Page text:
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Journal Writing with Judy Blume: Superfudge, Freckle Juice, the Pain, and More

written by: Margo Dill • edited by: Trent Lorcher • updated: 4/5/2012

Children love books by, and they have been enjoying them for over thirty years. Judy Blume uses children's real life problems and insecurities to create funny and heartwarming books. Teachers can use her books to create prompts for journal writing that will encourage children to write!

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    General Writing Prompts

    In reading class, you and your students are doing a unit on books by Judy Blume or maybe you are reading Superfudge or Cool Zone With the Pain and the Great One to your class. In both of these stories and other Judy Blume books such as Freckle Juice, she touches on kid issues like dealing with a younger or older sibling, bullies, and fitting in at school. Your students will often recognize themselves in her characters, and these personal connections can lead to wonderful journal writing entries. Here are some ways to create general prompts for journal writing that will inspire your students to write their hearts out after reading during language arts class.

    • Look at the chapter of the books by Judy Blume you are reading and identify which kid issues she is addressing in this section. Ask yourself if it is a situation that is typical for children you teach.
    • Word the prompt for journal writing like this: In chapter __ of insert title of Judy Blume book here, Main Character A (insert name) has to or deals with (insert problem here.) Have you ever had a problem like this? If so, describe it. How did you feel? Did you fee the same as Main Character A? How did you solve your problem?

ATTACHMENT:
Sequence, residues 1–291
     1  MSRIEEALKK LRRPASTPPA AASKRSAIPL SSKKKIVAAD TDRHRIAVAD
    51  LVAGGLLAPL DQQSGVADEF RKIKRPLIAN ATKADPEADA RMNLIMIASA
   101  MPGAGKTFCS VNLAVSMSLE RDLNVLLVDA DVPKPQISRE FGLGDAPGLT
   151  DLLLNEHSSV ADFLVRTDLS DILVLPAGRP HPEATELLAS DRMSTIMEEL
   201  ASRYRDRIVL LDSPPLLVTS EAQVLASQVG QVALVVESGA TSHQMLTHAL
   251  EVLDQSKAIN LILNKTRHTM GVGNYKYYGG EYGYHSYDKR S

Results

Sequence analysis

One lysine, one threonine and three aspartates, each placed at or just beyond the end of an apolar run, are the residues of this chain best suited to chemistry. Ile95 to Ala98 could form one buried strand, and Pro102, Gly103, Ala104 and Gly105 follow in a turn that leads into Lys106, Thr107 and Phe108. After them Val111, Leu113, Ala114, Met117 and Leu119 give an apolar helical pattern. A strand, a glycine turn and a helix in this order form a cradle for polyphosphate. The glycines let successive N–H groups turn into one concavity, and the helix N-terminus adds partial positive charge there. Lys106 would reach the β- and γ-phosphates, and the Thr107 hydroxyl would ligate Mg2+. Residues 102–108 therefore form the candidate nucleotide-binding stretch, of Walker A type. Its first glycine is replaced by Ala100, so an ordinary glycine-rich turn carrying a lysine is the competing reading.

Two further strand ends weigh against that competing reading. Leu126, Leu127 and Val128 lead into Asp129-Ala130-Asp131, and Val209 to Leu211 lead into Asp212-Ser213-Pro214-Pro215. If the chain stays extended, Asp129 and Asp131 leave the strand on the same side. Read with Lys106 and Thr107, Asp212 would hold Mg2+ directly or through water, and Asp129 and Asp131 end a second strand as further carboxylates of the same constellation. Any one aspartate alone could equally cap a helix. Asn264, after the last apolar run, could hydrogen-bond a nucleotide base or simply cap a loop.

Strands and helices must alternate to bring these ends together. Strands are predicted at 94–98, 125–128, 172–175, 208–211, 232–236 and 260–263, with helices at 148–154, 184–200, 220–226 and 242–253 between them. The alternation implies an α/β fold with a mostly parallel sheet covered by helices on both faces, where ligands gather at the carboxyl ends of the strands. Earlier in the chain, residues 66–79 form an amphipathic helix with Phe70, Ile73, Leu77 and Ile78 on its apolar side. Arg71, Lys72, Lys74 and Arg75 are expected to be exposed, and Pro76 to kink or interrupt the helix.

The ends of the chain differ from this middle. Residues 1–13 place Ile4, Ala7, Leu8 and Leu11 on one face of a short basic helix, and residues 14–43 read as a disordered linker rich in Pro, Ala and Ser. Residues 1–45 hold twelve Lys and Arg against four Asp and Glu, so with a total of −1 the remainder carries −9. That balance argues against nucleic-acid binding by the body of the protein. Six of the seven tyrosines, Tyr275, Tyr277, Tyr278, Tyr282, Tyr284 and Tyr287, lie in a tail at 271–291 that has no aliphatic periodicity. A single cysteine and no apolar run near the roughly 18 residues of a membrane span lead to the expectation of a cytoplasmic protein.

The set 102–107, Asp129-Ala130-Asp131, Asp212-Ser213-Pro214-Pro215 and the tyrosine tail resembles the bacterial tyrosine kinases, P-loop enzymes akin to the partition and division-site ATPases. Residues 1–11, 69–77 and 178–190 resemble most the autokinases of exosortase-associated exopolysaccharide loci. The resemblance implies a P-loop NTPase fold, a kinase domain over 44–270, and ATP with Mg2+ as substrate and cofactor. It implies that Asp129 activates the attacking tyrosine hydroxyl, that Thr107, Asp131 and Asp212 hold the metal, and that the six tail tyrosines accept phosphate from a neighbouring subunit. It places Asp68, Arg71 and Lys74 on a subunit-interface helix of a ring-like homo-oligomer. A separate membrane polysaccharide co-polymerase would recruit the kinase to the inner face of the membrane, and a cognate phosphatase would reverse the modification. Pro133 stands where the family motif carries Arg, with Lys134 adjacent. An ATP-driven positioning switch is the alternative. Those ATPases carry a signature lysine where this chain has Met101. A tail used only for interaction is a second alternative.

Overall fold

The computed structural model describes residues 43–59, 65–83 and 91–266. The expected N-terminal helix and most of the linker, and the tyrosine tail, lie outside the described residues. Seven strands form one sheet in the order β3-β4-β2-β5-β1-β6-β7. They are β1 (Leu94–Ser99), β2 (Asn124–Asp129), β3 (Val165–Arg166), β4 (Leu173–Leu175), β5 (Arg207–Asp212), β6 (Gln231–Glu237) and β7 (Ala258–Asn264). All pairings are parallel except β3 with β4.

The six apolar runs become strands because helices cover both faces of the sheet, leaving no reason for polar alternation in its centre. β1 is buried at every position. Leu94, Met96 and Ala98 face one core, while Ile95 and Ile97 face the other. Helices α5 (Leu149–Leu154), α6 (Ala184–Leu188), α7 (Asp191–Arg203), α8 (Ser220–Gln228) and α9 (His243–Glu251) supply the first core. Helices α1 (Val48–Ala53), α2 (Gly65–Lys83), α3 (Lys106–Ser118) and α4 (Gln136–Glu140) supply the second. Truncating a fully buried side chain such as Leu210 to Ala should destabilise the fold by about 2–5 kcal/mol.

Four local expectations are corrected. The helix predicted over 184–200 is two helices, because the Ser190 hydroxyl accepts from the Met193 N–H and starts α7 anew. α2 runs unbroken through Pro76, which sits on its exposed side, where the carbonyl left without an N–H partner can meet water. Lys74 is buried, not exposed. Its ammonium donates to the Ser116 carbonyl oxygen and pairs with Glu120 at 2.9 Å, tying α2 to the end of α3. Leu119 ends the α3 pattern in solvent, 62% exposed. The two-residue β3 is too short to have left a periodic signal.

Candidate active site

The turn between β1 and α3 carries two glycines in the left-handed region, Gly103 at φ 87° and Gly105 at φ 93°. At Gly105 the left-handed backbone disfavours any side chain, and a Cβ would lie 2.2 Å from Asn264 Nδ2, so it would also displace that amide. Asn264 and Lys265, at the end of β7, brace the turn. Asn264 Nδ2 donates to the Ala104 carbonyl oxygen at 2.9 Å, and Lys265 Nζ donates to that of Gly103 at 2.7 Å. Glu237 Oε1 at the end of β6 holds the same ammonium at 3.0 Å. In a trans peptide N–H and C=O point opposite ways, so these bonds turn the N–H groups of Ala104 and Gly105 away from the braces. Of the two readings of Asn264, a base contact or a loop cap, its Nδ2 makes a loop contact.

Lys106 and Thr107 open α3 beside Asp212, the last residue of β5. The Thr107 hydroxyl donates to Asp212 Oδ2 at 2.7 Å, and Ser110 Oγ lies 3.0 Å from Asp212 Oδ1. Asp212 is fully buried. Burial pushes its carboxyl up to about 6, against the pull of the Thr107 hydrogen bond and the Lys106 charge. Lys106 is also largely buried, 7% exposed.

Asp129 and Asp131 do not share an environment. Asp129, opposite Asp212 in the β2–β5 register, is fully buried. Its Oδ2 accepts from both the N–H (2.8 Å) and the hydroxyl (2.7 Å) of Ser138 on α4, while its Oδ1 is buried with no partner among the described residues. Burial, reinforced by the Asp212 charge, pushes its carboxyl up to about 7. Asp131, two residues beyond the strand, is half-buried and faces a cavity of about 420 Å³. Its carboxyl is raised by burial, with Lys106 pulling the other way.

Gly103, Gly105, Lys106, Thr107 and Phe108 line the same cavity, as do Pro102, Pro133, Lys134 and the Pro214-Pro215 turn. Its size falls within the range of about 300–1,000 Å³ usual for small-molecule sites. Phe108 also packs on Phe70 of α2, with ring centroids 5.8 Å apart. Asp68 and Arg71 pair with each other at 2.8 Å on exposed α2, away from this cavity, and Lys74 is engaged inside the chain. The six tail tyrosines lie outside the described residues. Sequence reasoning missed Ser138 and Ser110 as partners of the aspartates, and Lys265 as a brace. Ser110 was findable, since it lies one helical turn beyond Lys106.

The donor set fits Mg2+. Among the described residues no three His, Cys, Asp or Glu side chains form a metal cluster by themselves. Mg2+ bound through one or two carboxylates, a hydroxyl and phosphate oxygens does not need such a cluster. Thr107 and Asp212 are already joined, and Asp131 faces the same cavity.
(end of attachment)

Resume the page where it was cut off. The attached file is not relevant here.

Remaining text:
• Assure students that you will be the only one who reads their writing journal entry (unless they want to show it to someone else). You will get the best responses if children know they will not have to share with the class.

    Use books by Judy Blume to encourage your students to write, talk about their feelings, and make personal connections with literature. You may not want your students to respond to a personal prompt for journal writing after every chapter as they may get burnt out. But you can choose the chapters where you think your students will be able to respond the best during reading class.

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    Example Journal Writing Prompts

    Here are two sample prompts for journal writing for books by Judy Blume:

    1. (Second or third grade) In Cool Zone With the Pain and the Great One, the Great One decides to change her name. Then everyone does it, and she decides she doesn't want to change her name anymore. Have you ever done something because you wanted to be different, and then everyone copied you? How did you feel? The Great One becomes annoyed. Did you feel the same way as the Great One? How did you solve your problem?

    2. (Any elementary grade prompt) In Superfudge, Peter finds out that his parents are going to have a baby. This will be a big change in his family. Have you ever had a big change in your family? A new sibling? Getting a pet? Moving? If so, how did you feel? Was it an easy change or hard change? Did you feel like Peter? Why or why not? What did you do to solve your problem?

    As with any prompt for journal writing, if your students can not think of anything to write, let them write whatever they want about the books by Judy Blume. It is more important for your students to write something than to respond correctly to the prompt.

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